Tequila Valley Posted at 0:00, Thu, 25 May 2017 in Industry Insights

Mexico City, or Ciudad de México, CDMX for short, is one of the largest cities in the world with over 22 million people and a lot of traffic. Over the past couple of decades the city has been going through major transitions and gentrification and today the city looks and feels modern and safe. This is especially true of the areas where I spent the majority of my time, Roma and Condesa, where most of the cities startups are located.

During my time in CDMX I was fascinated by the history and traditions. I went to a lecture about the Aztec Empire, sweat it out in a traditional temezcal , explored Teotihuacan via hot air balloon, watched a folkloric ballet, visited La Casa Azul – Frida Kahlo and Diego Rivera’s house and now a museum, and went to numerous markets. While culture and tradition is very important in Mexico, it’s hard not to notice how much Western influence is around the city. As you walk down the street it’s common to see a local fruit juice stand or 6 peso taco stand in front of a Starbucks or Hooters. Much of this foreign influx is due to CDMX being an established financial center, and becoming an important business center, particularly for the Spanish-speaking world, but definitely not limited to it. Some have called it “Tequila Valley”.

One of my projects while I was in Mexico was to research the talent landscape for a client looking to open an office in CDMX. My main takeaways are that there is a lot of talented and well-educated candidates in the market so it is very uncommon to hire foreigners. To attract talent it seems candidates value similar perks as the ones I work with in San Francisco, such as flex time, PTO, and work from home, especially since commuting in the city is a bit of a nightmare. Companies also offer training or English lessons to attract talent. While there are a lot of bilingual offices, for any local position it is highly recommended to speak the language.

Who are the established and up and coming tech companies in CDMX?
Prestadero – platform that offers relatively low interest loans with no need for guarantees or warranties
Etraining –  e-learning & crowdsourcing platform
Kubo.Financiero – micro-finance company that offers a platform that connects regional lenders with borrowers
Descifra – Big Data analytics company focusing on social and economic behaviour
Kueski – online lending company
GoVenture – entrepreneurial startup that is focused on serving the financial needs of other entrepreneurs
Boletia – company streamlining the online marketing and ticket sales process
Coinbatch – affordable money transfer services in Mexico

Co-working spaces
Centraal – provides spaces to work, attend events, meetings and network. They offer flexible packages from personal memberships in open spaces to spaces dedicated to companies.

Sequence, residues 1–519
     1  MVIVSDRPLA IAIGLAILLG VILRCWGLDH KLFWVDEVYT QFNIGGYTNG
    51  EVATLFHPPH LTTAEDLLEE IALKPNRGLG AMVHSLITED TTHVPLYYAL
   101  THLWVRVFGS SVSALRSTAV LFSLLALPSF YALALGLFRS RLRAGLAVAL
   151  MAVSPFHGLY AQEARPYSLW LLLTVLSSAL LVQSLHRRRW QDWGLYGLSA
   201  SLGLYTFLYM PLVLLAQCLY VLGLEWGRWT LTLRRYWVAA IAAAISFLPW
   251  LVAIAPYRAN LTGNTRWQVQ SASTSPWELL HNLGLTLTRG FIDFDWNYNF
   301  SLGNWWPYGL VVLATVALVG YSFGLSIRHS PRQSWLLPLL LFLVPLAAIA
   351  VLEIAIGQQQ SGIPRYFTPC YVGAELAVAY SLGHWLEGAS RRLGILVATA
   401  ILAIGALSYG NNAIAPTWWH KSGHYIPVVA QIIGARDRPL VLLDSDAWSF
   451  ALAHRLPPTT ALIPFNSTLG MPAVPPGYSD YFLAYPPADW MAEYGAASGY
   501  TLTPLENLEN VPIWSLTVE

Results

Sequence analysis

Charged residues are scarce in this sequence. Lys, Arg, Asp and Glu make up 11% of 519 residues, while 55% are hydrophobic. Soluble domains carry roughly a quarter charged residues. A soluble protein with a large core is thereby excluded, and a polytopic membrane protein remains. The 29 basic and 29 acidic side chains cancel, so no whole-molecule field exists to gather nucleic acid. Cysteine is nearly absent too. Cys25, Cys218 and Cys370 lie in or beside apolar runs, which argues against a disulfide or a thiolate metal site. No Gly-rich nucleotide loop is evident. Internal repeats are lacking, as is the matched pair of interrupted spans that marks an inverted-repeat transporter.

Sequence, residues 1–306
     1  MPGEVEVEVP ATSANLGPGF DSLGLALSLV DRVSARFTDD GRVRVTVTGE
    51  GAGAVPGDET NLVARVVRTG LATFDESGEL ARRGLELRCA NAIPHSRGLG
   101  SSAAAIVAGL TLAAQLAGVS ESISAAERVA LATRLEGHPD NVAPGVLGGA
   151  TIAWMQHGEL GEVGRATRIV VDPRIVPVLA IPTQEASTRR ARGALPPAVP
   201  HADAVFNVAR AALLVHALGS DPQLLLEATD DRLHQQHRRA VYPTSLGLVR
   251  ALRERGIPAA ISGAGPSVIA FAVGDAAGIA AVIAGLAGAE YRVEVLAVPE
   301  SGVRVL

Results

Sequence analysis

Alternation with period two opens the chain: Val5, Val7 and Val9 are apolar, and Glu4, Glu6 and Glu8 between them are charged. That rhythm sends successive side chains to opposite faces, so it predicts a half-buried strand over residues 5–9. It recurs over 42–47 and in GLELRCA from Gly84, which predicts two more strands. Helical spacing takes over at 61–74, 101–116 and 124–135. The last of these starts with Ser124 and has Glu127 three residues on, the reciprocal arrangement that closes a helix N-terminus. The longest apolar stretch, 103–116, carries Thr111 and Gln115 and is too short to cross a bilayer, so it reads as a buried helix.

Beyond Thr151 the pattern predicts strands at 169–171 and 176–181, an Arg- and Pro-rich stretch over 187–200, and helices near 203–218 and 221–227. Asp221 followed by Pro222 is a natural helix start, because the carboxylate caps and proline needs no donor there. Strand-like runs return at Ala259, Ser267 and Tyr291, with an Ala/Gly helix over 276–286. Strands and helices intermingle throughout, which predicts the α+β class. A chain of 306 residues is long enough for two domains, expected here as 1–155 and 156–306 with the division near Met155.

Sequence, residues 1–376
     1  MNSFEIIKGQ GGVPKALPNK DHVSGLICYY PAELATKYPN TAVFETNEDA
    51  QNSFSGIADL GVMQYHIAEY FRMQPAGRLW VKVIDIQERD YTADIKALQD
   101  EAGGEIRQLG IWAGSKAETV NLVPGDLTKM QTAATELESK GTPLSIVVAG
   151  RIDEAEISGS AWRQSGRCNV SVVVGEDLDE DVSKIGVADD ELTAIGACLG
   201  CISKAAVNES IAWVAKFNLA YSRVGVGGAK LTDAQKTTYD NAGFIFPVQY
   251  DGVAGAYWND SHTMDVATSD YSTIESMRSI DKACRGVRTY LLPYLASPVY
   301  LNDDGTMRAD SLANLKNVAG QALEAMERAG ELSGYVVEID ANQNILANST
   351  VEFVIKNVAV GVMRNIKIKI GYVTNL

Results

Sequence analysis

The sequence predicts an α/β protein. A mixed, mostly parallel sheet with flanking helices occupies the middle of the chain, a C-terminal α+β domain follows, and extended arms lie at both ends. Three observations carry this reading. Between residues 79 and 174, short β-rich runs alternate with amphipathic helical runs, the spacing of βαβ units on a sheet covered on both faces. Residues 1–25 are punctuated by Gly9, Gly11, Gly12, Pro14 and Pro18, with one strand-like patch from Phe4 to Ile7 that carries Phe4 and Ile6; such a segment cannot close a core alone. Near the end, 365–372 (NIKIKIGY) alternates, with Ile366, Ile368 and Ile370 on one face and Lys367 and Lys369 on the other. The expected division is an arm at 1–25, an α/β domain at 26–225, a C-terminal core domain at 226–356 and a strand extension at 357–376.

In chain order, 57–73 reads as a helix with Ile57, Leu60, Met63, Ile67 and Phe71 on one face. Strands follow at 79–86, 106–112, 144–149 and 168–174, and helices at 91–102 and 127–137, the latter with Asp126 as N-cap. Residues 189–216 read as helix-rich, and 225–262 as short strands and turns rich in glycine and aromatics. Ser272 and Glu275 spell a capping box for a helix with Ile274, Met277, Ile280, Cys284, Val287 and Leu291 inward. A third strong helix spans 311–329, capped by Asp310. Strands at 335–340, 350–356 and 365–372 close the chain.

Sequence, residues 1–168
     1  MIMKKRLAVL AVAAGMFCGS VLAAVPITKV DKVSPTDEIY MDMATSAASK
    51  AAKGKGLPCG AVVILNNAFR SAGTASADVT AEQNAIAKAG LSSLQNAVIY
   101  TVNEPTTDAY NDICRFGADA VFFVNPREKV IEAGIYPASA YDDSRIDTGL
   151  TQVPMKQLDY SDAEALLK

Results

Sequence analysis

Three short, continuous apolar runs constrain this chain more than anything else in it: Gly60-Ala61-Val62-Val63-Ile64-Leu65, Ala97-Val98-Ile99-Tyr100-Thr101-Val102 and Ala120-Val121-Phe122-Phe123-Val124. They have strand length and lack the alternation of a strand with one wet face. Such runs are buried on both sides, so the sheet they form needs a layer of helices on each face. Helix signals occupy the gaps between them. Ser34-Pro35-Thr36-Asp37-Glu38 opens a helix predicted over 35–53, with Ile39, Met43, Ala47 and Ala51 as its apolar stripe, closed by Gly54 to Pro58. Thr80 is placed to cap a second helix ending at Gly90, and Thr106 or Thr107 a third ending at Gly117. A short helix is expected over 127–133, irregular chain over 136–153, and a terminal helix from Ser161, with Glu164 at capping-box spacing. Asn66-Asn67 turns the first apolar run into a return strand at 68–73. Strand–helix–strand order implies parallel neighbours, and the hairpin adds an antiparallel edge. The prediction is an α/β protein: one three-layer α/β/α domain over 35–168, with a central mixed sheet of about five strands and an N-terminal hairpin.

Cowork – the city’s most recognised co-working space offering monthly memberships per person that give access to all our services and to our community.
Publico – This is the workspace I worked at, the highlight for me was 2 rooftop areas with great wifi to work from or host events.
Urban Station – also offers a terrace that can be used for events, along with hourly rates, fractions or prepay cards, and special company packages.
WeWork – offer private offices (for teams of 1–100+) with glass walls to maintain privacy without sacrificing transparency or natural light.
Cardumen – focuses on startups and they have alliances with incubators and accelerators, to generate ecosystem.
Punto – They offer a One Day Pass providing free access to try the facilities.

Startup Incubators/Accelerators
StartupMexico – support high-impact promising Startups, providing them with physical space, mentors, workshops, funding, and a critical professional services ecosystem.
ImpactHub – located in Roma – both and incubator and co-working space. ImpactHub is the world’s largest global network of entrepreneurs and innovators, with more than 8,000 members in more than 65 cities.
Naranya – an accelerator and early-stage co-investor led by Pablo Salazar.
Endeavor – works to catalyse long-term economic growth by selecting, mentoring, and accelerating the best high-impact entrepreneurs worldwide.
Numa – accelerates startups, supports corporates and public institutions to develop and implement innovative projects.
Victoria147 – the first training, empowerment and acceleration platform focused on empowering women entrepreneurs and promoting gender equity.